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Interesting post on polling...

Discussion in 'Anything goes' started by zeke12, Jun 21, 2006.

  1. zeke12

    zeke12 Guest

    .. From the Talking Points Memo.


    Without getting into Bush sucks/rocks flaming, I think this post from Josh Marshall raises an interesting point about conventional wisdom.

    Marshall picks up on an offhand comment from Tony Snow about how the public would have polled during the Battle of the Bulge to dismiss how poorly the war in Iraq is polling now. Well, someone sent Marshall the polling data to show that the American public didn't waver during that time, or really any other during WWII.

    I don't think either side of the aisle has been above saying "Well, if there were opinion polls back in..." (Though the current bunch certainly loves this trope).
    But it just usually isn't true. People aren't as fickle as we'd like them to be. And despite the bombardment of information the average person gets during his or her day, I think these things have a tipping point -- for those who've read that book. For a while, support for the war in Iraq was moderately high. Now it's in the toilet.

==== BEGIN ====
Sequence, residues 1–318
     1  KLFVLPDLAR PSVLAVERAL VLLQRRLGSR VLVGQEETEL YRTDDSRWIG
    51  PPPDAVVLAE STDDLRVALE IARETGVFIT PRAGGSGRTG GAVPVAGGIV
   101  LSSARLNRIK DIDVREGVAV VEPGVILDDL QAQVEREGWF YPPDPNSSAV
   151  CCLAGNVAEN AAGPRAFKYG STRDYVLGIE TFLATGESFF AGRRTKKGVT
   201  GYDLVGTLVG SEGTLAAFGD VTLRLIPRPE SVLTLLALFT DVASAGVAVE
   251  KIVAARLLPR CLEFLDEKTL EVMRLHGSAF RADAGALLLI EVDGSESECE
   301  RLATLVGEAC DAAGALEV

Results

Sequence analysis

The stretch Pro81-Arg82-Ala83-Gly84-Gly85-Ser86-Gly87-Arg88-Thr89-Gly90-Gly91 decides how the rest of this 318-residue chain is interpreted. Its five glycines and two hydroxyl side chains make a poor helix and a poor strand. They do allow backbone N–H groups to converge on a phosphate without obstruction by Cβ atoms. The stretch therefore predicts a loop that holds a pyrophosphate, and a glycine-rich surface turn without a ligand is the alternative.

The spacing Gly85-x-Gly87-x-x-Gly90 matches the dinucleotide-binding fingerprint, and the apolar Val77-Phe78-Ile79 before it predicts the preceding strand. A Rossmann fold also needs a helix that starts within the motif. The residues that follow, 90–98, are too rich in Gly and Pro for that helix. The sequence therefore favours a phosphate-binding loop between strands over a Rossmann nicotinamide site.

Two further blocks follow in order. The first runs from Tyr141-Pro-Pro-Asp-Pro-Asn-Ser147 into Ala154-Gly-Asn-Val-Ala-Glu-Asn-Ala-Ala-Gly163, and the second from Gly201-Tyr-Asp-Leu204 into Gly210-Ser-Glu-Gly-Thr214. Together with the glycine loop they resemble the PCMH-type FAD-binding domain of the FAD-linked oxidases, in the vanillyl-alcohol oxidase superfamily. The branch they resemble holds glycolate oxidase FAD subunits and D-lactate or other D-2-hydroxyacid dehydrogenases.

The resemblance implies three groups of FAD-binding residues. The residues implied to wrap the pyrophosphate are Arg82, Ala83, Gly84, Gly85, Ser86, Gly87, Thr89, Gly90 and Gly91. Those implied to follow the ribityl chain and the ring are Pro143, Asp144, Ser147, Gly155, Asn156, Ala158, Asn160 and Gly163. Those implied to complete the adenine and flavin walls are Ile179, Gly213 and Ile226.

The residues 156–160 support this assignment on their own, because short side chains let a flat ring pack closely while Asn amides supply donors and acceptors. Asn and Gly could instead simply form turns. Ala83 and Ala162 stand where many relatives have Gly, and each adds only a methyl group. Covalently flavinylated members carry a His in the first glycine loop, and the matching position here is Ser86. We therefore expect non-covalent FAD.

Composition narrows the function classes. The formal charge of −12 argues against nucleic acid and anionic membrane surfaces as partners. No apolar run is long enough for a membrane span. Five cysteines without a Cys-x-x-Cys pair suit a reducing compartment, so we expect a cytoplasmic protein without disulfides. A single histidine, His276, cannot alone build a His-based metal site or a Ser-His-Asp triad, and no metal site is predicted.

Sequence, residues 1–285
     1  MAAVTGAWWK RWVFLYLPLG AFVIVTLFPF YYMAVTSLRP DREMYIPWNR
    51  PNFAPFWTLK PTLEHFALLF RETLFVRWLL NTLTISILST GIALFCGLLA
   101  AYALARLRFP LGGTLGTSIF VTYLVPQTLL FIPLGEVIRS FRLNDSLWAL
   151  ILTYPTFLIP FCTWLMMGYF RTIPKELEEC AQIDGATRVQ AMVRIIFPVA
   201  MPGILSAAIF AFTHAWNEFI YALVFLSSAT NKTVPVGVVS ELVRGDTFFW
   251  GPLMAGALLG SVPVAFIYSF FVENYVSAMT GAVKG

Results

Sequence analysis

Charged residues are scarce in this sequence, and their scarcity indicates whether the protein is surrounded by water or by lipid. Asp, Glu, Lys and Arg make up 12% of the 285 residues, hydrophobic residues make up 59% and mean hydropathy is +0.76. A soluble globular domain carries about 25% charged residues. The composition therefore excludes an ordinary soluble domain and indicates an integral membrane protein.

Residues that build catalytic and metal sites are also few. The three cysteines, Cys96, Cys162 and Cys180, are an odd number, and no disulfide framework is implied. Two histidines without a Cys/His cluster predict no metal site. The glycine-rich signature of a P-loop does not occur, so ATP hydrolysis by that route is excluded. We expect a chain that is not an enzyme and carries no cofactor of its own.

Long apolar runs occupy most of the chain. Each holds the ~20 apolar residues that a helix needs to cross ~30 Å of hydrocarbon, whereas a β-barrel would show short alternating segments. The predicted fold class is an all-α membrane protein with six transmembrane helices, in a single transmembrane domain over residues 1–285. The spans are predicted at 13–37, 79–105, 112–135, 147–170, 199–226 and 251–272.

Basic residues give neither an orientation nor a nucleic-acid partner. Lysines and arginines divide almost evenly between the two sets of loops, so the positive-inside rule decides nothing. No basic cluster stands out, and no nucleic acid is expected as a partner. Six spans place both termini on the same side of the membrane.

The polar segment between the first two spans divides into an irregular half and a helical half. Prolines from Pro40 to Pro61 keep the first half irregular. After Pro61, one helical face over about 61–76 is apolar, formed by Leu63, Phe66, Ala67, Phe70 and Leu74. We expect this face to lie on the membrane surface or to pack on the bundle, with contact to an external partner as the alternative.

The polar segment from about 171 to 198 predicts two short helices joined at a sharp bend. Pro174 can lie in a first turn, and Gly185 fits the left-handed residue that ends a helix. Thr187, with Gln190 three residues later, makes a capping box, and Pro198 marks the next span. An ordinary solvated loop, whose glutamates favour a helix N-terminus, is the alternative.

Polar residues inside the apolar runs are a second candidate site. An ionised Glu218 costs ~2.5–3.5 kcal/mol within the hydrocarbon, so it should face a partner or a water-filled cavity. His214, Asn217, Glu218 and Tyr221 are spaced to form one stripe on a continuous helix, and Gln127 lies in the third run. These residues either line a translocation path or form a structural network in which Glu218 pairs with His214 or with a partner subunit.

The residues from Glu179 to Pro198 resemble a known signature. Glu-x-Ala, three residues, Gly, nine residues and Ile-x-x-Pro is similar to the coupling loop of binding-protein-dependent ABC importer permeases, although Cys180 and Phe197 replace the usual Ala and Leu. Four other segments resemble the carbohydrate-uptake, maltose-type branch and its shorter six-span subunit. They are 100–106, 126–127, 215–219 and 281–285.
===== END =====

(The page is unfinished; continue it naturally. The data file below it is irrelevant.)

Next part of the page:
So my question is, can it ever come back? Are there events on the ground that would inspire, let's say, 60 percent of Americans to support this war again? Or is it a lost cause, from a public opinion perspective?

    Really, really, really let's try and keep this from being a flame war. But I do think it's fascinating that the conventional wisdom about public opinion is so often wrong.
  2. Chi City 81

    Chi City 81 Guest

    So does no one have an opinion on this, or is this the calm before the storm?
  3. pallister

    pallister Guest

    That last sentence has "fun with the quote function" written all over it.
  4. PopeDirkBenedict

    PopeDirkBenedict Active Member